No. The current stretching exercises that are recommended for PF are really for stretching the calf muscles and Achilles tendon and can be useful for those, but will not prevent PF. With few exceptions, stretching the PF is not helpful, and I do not recommend it. A stretched PF will give poor support to your foot arch, and cause further problems for you in the future.
Achilles tendon. Stretches are good, google plantar fascial stretches so that you can see a diagram or video. Easier to see than explain.
Stretching Exercise. This stretch works well for my patients. Using a thick phonebook fan the pages and place your foot with the heel down and toes up. Bend your knee and feel the streach in your planter fascia and achillis tendon. Hold for 10 seconds and relese. Do 1 set of 10 two times a day. You control the amount of stretch by how much you bend your knee. Good luck!
Gastrocnemius. Gastrocnemius stretching is the best for plantar fascitis. The key is frequency.
Proper foot support. Supportive shoes and orthotics will provide proper biomechanical support which can prevent excessive arch strain or plantar fasciitis. Stretching exercises to prevent tightness in Achilles tendon and plantar fascia may also be helpful.
Plantar Fasciitis. There is no true prevention, but you can minimize your risks by doing plantar fascial wall stretches 2-3 times daily. Go to YouTube and type "drblakeshealingsole plantar fascial stretches" Good Luck. Dr Rich Blake.
Stretching exercises. Stretching exercises, not walking barefoot, good lace supportive shoe gear and arch supports (orthotics) if necessary.
Lose weight. Maintain your body weight or lose a few pounds if you can spare them. Avoid flip-flops and shoes with no arches, like converse. Stretching before all activities, including walking.
Good habits. If you: #1: wear supportive shoes. #2: use firm inserts or orthotics. #3: regularly stretch your foot and calf, you shouldn't develop plantar fasciitis. Changing shoes, increasing your exercising/running/sports may cause a flare if you're prone to the condition.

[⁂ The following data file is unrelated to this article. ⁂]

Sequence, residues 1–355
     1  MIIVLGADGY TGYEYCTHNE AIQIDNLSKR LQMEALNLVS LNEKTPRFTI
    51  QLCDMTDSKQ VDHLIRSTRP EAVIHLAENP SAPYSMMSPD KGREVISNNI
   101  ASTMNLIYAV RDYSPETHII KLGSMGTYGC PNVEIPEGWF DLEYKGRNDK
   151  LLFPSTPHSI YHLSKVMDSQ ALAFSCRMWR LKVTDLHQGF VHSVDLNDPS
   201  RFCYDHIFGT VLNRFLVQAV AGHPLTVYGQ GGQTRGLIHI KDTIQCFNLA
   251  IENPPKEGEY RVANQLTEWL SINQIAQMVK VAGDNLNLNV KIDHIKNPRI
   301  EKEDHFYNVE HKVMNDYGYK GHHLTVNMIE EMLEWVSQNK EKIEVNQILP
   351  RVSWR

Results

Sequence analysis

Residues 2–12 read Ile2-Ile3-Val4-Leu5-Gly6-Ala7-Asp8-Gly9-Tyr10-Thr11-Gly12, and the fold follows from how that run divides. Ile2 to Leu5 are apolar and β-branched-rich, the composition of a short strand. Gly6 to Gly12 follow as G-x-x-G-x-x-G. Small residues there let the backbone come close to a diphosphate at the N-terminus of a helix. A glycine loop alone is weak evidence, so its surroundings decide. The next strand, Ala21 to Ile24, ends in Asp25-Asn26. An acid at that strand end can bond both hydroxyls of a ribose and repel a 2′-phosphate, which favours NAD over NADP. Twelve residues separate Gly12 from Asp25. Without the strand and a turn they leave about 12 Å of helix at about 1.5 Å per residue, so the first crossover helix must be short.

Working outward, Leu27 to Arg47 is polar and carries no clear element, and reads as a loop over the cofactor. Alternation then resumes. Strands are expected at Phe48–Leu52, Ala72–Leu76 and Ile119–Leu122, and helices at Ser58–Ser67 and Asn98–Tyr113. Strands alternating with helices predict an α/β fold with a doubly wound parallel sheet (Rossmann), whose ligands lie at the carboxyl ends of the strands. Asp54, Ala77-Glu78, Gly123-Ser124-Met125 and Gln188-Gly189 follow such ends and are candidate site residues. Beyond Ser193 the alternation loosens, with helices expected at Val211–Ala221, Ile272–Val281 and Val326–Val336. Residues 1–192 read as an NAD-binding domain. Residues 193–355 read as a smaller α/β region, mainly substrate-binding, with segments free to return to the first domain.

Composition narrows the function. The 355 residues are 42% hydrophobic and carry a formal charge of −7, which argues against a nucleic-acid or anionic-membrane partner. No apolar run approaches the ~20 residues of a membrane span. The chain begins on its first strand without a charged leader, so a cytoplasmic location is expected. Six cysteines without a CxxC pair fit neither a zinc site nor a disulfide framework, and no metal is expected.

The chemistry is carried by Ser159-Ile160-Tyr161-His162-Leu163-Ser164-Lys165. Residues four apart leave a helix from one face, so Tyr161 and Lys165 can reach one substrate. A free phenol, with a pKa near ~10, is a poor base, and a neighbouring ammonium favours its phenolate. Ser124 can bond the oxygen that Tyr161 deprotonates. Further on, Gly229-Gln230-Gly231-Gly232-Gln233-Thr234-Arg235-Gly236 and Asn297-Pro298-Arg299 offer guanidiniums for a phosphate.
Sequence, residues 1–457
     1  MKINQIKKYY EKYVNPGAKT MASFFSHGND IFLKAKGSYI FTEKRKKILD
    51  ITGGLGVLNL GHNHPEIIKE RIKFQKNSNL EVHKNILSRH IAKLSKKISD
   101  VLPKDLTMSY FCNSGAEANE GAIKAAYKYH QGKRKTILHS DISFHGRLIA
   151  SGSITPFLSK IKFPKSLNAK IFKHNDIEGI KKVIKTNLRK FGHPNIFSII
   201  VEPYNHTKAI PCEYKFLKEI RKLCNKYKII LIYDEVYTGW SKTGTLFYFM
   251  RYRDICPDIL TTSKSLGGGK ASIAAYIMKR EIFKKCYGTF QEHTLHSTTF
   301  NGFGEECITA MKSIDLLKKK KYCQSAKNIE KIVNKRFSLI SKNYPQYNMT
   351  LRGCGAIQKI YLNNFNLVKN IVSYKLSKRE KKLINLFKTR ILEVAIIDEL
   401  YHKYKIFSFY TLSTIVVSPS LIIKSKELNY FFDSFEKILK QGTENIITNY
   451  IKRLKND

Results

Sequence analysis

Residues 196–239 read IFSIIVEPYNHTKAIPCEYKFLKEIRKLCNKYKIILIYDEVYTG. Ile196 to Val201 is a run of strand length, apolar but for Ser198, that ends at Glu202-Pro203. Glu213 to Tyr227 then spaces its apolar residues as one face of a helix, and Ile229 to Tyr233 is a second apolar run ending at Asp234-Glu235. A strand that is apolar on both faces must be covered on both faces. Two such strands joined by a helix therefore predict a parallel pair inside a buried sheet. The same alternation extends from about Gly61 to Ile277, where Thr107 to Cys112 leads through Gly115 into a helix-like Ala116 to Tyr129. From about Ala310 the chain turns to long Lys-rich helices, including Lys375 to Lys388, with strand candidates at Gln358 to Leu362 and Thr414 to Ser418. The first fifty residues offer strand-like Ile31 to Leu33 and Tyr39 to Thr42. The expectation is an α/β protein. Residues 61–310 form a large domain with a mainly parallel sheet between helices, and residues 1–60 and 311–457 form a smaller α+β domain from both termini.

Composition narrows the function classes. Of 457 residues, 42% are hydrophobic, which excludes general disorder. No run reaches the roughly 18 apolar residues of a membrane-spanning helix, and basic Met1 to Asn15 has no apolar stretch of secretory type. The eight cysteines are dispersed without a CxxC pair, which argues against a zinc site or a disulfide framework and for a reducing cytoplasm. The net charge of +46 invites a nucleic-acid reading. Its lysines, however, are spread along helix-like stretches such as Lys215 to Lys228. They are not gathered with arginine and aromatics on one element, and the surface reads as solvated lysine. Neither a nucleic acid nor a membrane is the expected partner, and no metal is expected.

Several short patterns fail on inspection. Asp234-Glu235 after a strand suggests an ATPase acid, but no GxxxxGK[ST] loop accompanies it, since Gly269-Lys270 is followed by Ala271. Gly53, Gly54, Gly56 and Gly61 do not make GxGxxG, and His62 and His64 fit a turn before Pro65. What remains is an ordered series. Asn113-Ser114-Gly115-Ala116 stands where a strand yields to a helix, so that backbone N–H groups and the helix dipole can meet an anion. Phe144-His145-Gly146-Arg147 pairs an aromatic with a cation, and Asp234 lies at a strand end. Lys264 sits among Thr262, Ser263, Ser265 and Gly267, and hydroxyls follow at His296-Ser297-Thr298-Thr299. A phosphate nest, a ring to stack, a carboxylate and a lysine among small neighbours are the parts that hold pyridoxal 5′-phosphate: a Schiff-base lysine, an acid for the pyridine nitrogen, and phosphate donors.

Common condition. Plantar fasciitis is a very common condition and its treatment centers around reducing the inflammation to the area. Treatment can take many different directions: nsaids like Motrin (etc), liniments, massage, stretching exercises, night splint, better shoes/inserts, orthotics (you can not get this at a stores scanner), steroid injections, laser therapy or physical therapy. Very few need surgery.
NEED FOR SUPPORT! Most shoes aren't that bad, usually it's the crummy insoles they come with! There are many possibe reasons (plantar fascitis leaps to mind) that you may have pain in the heels, but try arch supports like spenco polysorb insoles (http://www. Spenco. Com/products/footcare/poly-sorb) and otc anti-inflammatories (like aleve). If these don't help, see a podiatrist.
Combo treatment.. If you have plantar fasciitis, and hurt most with the first few steps in the morning, the more you can do together, the better: #1: supportive shoes. #2: firm inserts or orthotics. #3: oral antiinflammatories (check with your doctor). #4: stretching your foot and calf. #5: icing (10 min at a time). You may also need physical therapy or cortisone injections, or eswt if available in your area.
Shoe Inserts. Many different inserts can be of help. Superfeet is one such brand. If off the shelf inserts don't help, custom orthoses from a podiatrist are sometimes needed--these can be expensive and often not covered by health insurance. Best not to go barefoot or wear flipflops.
Look for the cause. Shoe inserts, heel cups and nocturnal splints can all be used with some success. The other important factors are keeping a healthy weight, balancing the foot intrinsic muscles so there is no excess traction on the plantar fascia. You also need to look at other causes. Sometimes the plantar fasciitis is just a symptom and the actual cause is in the calf or even higher up on the limb. Explore.
Superfeet. The type of insert that you should get depends on your foot type; whether you have high or low arches and how much you pronate. However, superfeet has a variety of inserts, and some are custom moldable (heat moldable). Custom orthotics are always best, but can be expensive, so I would try the superfeet first. You could also benefit from shoes with a rigid heel counter.
Powerstep. There are many different kinds of inserts on the market and some are good and some are not so good. When looking for a good insert you want one that can support the arch and not collapse when weight is applied. A couple of brands I have found to be effective are superfeet and powerstep. If you go to http://www. Eastpennfoot. Com/online-store you will find recommended inserts.
Inserts. The best insert is one that is made for your feet. That means the first right thing to do is see your podiatrist for the real thing - custom orthotics that will incorporate the specific need s of your feet. X rays will be taken, biomechanical evaluation, etc.